Seven of the feral animals, which are popular as a tourist attraction, have been found dead on Big Major Cay, one of the islands, according to the Bahamas Humane Society. The death toll may be up to 10, which leaves eight or nine of the famous swine remaining—only a handful of which are adults.
Though initial reports suggested that tourists had given the pigs fatal doses of alcohol, Humane Society inspector Ventoi Bethune told National Geographic that the dead swine had likely ingested sand.
Veterinarians who visited the site found large quantities of sand in the deceased animals’ stomachs, which Bethune says may have been caused by a recent influx of visitors throwing small amounts of food on the beach.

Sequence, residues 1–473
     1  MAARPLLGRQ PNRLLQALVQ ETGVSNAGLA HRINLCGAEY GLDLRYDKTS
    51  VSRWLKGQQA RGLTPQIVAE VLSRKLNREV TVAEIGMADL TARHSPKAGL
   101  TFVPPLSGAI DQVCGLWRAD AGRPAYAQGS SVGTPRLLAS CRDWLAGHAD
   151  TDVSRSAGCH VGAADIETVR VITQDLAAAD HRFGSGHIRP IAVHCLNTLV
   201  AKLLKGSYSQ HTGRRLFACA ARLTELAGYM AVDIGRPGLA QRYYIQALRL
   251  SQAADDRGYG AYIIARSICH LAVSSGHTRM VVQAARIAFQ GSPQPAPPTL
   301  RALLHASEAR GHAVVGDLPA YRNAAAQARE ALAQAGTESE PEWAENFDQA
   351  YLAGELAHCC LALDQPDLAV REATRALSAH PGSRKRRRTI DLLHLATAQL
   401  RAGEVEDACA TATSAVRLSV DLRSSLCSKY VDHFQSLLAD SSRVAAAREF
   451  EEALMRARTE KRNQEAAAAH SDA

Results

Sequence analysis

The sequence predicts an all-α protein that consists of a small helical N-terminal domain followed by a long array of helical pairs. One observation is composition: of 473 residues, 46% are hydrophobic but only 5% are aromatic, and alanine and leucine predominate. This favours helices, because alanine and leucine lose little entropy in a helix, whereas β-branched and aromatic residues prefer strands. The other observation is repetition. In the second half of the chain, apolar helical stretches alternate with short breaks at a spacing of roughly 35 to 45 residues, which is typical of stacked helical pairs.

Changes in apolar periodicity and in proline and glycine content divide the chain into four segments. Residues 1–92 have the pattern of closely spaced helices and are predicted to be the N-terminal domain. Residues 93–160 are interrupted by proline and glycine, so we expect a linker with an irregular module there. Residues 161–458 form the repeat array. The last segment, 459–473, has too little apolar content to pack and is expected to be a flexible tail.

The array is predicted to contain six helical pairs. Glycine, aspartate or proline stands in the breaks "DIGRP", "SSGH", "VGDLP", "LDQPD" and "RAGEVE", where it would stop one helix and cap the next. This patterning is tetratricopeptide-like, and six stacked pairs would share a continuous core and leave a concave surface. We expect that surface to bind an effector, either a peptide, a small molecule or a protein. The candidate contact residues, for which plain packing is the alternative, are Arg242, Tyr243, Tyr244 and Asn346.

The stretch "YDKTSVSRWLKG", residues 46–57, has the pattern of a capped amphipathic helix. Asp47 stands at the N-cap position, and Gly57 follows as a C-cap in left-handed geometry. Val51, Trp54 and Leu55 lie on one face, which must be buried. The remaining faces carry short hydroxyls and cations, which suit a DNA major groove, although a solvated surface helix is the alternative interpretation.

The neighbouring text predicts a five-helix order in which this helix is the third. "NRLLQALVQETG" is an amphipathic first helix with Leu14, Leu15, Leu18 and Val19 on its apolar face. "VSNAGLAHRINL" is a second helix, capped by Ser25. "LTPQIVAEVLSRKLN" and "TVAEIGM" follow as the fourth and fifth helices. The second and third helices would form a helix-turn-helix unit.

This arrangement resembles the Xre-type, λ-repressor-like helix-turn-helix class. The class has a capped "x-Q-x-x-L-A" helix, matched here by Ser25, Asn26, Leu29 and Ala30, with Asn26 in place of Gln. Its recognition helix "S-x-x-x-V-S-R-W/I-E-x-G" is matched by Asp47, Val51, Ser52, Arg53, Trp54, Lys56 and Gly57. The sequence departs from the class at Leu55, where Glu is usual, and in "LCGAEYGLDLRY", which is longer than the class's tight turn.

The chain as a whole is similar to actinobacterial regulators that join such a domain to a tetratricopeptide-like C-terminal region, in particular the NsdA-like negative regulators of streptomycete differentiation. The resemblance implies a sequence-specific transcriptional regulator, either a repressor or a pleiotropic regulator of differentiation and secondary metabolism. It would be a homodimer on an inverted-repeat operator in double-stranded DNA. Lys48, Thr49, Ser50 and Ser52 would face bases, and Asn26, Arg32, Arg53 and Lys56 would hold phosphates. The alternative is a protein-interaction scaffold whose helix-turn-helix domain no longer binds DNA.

“The pigs have been on the island so long, they are used to foraging for natural food,” Bethune says. The pigs would only go the beach for an occasional treat.
But with the increase in tourism, the pigs are relying on humans more than ever.
Read National Geographic